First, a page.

The Fed's 'Own Goal'
As we wait to see whether the Fed slants its statement ever-so-slightly to the hawkish side or ever-so-slightly to the dovish side (not to mention whether Chairman Yellen repeats her blunt performance in the presser), it is probably worth a few moments to think about what the Fed ought to do.
Yesterday's inflation figures, viewed in isolation, might be perceived as a one-off bad figure. I pointed out yesterday some reasons that this would be an unfortunate error. Keep in mind that anything the Fed does to address monetary policy will take some time to impact an economic process with momentum. That is to say that even if the Fed tightened today, core inflation over 3% is probably still going to happen. The real question is how high inflation goes, and how long it stays there. There is no longer any question about whether inflation is rising. (This has actually been true for a while, but people who were focused on core rather than median and didn't look at the particulars of inflation, as well as those who focus on the "output gap" as preventing any possibility of inflation, have been able to ignore the signs for a while).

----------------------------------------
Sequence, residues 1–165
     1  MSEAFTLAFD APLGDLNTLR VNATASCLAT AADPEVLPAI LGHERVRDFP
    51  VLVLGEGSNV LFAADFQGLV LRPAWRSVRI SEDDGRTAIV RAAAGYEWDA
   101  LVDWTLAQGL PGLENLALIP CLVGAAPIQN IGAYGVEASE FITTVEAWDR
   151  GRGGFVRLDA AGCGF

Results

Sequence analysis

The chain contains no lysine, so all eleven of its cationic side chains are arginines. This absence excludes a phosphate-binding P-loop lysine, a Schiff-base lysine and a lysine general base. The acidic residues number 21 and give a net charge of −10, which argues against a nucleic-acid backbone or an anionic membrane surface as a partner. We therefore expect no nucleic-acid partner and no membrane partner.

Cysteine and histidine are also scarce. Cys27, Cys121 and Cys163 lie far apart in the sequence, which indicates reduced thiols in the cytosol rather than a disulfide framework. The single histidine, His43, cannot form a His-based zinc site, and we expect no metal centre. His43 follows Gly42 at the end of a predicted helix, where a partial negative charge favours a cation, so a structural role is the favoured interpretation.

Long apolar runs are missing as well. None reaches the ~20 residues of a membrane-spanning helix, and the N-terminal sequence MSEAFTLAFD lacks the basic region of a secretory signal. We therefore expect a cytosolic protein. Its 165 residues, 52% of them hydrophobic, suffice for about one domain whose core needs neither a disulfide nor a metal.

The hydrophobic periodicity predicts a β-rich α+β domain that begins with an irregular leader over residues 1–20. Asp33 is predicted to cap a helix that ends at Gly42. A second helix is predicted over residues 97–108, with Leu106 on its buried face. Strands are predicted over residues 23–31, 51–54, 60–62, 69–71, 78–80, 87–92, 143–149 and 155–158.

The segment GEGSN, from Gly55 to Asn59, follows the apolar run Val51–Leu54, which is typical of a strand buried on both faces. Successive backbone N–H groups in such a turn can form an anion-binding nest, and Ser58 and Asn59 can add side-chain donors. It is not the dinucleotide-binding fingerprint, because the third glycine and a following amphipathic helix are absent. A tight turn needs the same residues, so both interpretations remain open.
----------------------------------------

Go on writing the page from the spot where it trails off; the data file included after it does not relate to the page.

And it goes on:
As an aside, the "output gap" crowd - who expected deflation in 2009-10, and didn't get it, and now expect disinflation, but aren't getting it - aren't defeated yet. They'll simply re-define the gap to fit the data, I am sure. When you get to choose your own observations and change the model to fit the observations, science is easy.
What concerns me about the Fed's next steps here, and the state of the debate, is that the Federal Reserve seems overly focused on the level of interest rates, and how to adjust them, and not on the level of reserves or controlling the transactional money supply. For example, recently the IMF published a paper arguing that central banks should raise the long-term inflation target from 2% to 4% because with a 2% target it is too easy to get deflation and have interest rates pinned at zero, leaving the central bank powerless to stop deflation. It seems not to matter to the author that Japan only recently proved that it is money, and not interest rates, that matter when they were able to get out of deflation with an aggressive QE. And, after all, "Helicopter" Ben made the point years ago that deflation is easy to prevent if only the Fed prints money.